The History of Lean Manufacturing and Why the Products You Buy Actually Work
In the 1970s, manufacturers in North America and Europe had a serious problem. Japanese companies that had long been dismissed as quaint and largely irrelevant were eating into their market shares and profit margins like rapacious predators. Worried executives in cities from Detroit to Dusseldorf quickly dispatched teams of efficiency experts to Japan to find out what companies like Toyota, Hitachi and Sony were up to. They wanted to know what could be done to reverse what they saw as a worrying and potentially ruinous trend.
Unfortunately, most of these teams were dazzled by Japanese culture and completely missed the secret of their suddenly surging competitors. They came back and told their CEOs that Japanese workplace culture was the ingredient they were missing, and soon western executives were wearing overalls, eating their lunch next to factory workers and perfuming elaborate calisthenics routines before starting their workdays.
It comes as no surprise that none of this had any effect. Improved morale does not lower overheads and egalitarian attitudes do not pay the rent. Japanese companies were not concerned about their share prices or quarterly sales figures, but they were focused on building a manufacturing foundation that would serve them for decades to come. What was really driving their manufacturing success was a commitment to engineering and a focus on lean production methods, and today’s consumers, who have grown used to products that work and don’t break, owe them a great deal of thanks.
The Muda of All Concepts
This 1970s wake-up call and the epiphanies that followed are the reasons why so many of the terms used to describe lean manufacturing are Japanese. Chief among these esoteric terms is Muda. Muda is the Japanese word for wastefulness and futility, and it is the principal that turned Japanese carmakers and electronics manufacturers into global powerhouses. Companies like Honda and Canon identified activities that added value and helped them to make products that consumers actually wanted to buy, and they then looked for activities that drained resources without creating value. These non-value adding activities were then separated into two categories that allowed Japanese companies to eliminate waste and save money without impacting product quality.
Type I Muda Activities
These are activities crucial to manufacturing a quality product that do not provide customers with a benefit that they can see or touch. Examples of Type I Muda activities include product quality testing, inspections and crash tests.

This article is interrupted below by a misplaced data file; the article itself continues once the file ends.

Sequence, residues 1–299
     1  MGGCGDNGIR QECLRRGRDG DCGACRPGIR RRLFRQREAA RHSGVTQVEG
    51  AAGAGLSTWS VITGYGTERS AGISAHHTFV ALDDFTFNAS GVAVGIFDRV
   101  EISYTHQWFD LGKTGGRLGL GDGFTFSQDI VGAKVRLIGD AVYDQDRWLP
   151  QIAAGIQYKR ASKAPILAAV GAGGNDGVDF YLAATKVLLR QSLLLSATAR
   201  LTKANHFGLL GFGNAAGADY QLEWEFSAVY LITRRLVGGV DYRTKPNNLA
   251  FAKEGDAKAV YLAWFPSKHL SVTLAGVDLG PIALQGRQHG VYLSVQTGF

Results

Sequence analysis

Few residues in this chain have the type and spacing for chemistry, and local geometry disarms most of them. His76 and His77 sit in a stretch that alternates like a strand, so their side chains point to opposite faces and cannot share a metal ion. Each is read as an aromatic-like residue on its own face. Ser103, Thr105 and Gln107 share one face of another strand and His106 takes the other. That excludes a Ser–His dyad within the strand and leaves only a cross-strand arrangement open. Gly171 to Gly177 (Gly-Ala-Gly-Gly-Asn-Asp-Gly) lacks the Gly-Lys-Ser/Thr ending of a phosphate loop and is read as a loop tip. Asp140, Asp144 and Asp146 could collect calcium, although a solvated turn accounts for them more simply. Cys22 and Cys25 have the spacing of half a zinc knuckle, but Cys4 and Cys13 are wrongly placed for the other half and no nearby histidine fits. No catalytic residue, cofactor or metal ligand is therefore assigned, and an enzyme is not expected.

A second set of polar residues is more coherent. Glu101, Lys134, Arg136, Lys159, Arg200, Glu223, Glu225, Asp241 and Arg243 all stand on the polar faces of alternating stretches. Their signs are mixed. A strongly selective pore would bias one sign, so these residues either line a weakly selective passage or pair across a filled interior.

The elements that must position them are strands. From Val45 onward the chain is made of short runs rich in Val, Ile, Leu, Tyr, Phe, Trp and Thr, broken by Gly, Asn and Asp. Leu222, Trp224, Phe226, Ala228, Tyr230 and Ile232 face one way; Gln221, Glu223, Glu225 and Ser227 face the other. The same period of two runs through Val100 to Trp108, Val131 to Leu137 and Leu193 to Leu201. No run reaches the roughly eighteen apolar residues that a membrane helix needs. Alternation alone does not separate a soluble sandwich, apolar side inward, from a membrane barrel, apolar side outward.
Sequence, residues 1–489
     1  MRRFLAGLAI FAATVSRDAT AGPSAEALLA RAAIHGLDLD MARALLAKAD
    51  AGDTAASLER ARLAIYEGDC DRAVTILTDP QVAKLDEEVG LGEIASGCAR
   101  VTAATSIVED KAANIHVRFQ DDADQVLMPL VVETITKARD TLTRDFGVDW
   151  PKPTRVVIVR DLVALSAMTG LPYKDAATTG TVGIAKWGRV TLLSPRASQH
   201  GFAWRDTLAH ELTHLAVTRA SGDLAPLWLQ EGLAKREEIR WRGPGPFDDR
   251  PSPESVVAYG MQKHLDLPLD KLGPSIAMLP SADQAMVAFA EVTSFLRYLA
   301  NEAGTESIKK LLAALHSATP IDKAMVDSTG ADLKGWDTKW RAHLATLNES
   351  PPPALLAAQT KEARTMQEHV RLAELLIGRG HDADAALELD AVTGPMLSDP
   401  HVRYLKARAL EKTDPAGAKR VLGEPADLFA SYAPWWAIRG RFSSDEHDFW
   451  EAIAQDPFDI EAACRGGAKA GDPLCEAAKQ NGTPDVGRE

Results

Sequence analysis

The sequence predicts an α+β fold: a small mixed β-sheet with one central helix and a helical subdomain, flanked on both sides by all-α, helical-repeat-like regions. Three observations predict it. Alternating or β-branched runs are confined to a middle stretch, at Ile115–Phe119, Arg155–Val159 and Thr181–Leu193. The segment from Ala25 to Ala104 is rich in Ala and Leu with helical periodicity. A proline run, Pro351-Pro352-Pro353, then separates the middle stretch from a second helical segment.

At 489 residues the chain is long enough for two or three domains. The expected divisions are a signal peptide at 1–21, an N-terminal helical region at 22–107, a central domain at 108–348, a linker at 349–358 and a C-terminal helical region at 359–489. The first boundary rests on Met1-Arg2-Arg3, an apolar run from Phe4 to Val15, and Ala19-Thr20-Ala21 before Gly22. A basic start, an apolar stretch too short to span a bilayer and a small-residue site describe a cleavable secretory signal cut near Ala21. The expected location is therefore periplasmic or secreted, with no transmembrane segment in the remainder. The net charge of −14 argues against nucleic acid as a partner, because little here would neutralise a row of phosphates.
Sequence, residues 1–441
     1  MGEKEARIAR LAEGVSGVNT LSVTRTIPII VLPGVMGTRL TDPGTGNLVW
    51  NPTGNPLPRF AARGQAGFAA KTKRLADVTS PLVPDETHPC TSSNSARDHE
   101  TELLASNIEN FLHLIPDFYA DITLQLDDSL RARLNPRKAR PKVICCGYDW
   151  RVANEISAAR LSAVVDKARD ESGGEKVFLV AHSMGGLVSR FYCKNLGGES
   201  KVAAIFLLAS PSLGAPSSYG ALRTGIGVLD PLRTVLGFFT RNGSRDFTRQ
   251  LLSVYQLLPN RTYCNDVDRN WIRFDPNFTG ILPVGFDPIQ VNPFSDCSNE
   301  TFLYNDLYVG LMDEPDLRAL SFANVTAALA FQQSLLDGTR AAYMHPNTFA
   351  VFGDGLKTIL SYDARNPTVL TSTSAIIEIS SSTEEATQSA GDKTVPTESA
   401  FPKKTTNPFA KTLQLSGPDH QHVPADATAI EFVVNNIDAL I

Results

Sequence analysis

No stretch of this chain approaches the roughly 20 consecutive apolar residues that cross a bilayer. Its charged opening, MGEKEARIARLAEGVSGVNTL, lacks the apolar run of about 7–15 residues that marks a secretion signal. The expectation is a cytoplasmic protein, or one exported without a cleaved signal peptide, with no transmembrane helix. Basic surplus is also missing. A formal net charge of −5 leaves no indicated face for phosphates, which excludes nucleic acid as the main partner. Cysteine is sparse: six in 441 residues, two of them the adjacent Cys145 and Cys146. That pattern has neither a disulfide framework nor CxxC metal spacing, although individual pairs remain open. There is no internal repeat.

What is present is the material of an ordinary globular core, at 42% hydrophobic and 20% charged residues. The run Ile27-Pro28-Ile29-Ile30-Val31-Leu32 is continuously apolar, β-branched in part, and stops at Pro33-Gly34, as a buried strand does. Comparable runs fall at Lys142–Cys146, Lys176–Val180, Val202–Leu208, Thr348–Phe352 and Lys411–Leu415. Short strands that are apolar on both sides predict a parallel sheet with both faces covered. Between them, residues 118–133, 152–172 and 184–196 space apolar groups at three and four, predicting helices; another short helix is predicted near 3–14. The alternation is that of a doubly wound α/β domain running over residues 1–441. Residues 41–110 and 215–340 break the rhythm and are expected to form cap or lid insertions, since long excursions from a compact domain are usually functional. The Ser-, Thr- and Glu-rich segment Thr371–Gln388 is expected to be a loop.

Type II Muda Activities
Muda Type II activities squander resources while adding no benefit for either the manufacturer or consumer, and it is eliminating them that forms the foundation of all modern lean production methods. Toyota is seen as the pioneer in this area for good reason, and Kiichiro Toyoda built his company by reducing or eliminating what he saw as the seven great wastes.
Mura Makes the World Go Around
Mura is a Japanese word that means irregularity or inequality, and it is used to describe the just-in-time production philosophy that made Toyota the world’s largest auto manufacturer. Mura is the way that Muda principles are put into practice, and it is achieved by ordering carefully, scheduling jobs prudently to avoid bottlenecks and choosing reliable business partners. Rubber Industries Inc. embraces Mura by concentrating all of its operations at a vast 5-acre campus, adopting a first-in, first-out production strategy and establishing strategic partnerships with some of the most respected manufacturers and suppliers in Asia.
A Muri Way to Run a Business
Muri means unreasonable or impossible in Japanese, and it is incorporated into lean manufacturing by standardizing production and business practices whenever possible to eliminate waste and prevent mistakes. At Rubber Industries Inc., each step of the production process is broken down into its component parts and analyzed carefully to identify areas that can be improved. It is this fastidious attention to detail that has made us capable of doing in days or even hours what our competitors take weeks or months to accomplish.
In Plain English
Rubber Industries Inc. workers do not perform push-ups or jumping jacks before they clock in, and our senior executives may have a slightly nicer bathroom to use. While our corporate culture remains distinctly American, what we have taken from Japanese companies like Nissan and Panasonic is a commitment to making the very best products available and delivering them to our customers at a price that scarcely seems possible. Lean manufacturing principles like Muda, Mura and Muri are the reason why we can produce quality steel prototypes in a day and custom molded rubber or silicone prototypes in as little as 72 hours. The wisdom of manufacturing pioneers like Kiichiro Toyoda inspires us to invest millions into what is already a state-of-the-art facility, and it is our success at incorporating their philosophies into our day-to-day operations that makes us the first choice for Fortune 500 companies and small local businesses alike.
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